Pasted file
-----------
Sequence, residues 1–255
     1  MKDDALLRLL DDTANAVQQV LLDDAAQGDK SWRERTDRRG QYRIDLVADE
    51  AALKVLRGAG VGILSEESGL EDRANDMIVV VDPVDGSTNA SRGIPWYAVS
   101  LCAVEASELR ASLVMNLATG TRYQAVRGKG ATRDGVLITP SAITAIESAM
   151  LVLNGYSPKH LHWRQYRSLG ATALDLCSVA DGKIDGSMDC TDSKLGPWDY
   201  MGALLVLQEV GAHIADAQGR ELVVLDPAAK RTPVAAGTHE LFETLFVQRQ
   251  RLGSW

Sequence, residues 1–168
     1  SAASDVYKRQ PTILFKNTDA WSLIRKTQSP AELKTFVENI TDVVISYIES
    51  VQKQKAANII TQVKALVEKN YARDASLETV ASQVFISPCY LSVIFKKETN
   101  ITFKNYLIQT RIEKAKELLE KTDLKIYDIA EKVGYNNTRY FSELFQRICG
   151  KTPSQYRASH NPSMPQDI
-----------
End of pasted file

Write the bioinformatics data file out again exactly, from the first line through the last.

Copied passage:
Sequence, residues 1–255
     1  MKDDALLRLL DDTANAVQQV LLDDAAQGDK SWRERTDRRG QYRIDLVADE
    51  AALKVLRGAG VGILSEESGL EDRANDMIVV VDPVDGSTNA SRGIPWYAVS
   101  LCAVEASELR ASLVMNLATG TRYQAVRGKG ATRDGVLITP SAITAIESAM
   151  LVLNGYSPKH LHWRQYRSLG ATALDLCSVA DGKIDGSMDC TDSKLGPWDY
   201  MGALLVLQEV GAHIADAQGR ELVVLDPAAK RTPVAAGTHE LFETLFVQRQ
   251  RLGSW

Sequence, residues 1–168
     1  SAASDVYKRQ PTILFKNTDA WSLIRKTQSP AELKTFVENI TDVVISYIES
    51  VQKQKAANII TQVKALVEKN YARDASLETV ASQVFISPCY LSVIFKKETN
   101  ITFKNYLIQT RIEKAKELLE KTDLKIYDIA EKVGYNNTRY FSELFQRICG
   151  KTPSQYRASH NPSMPQDI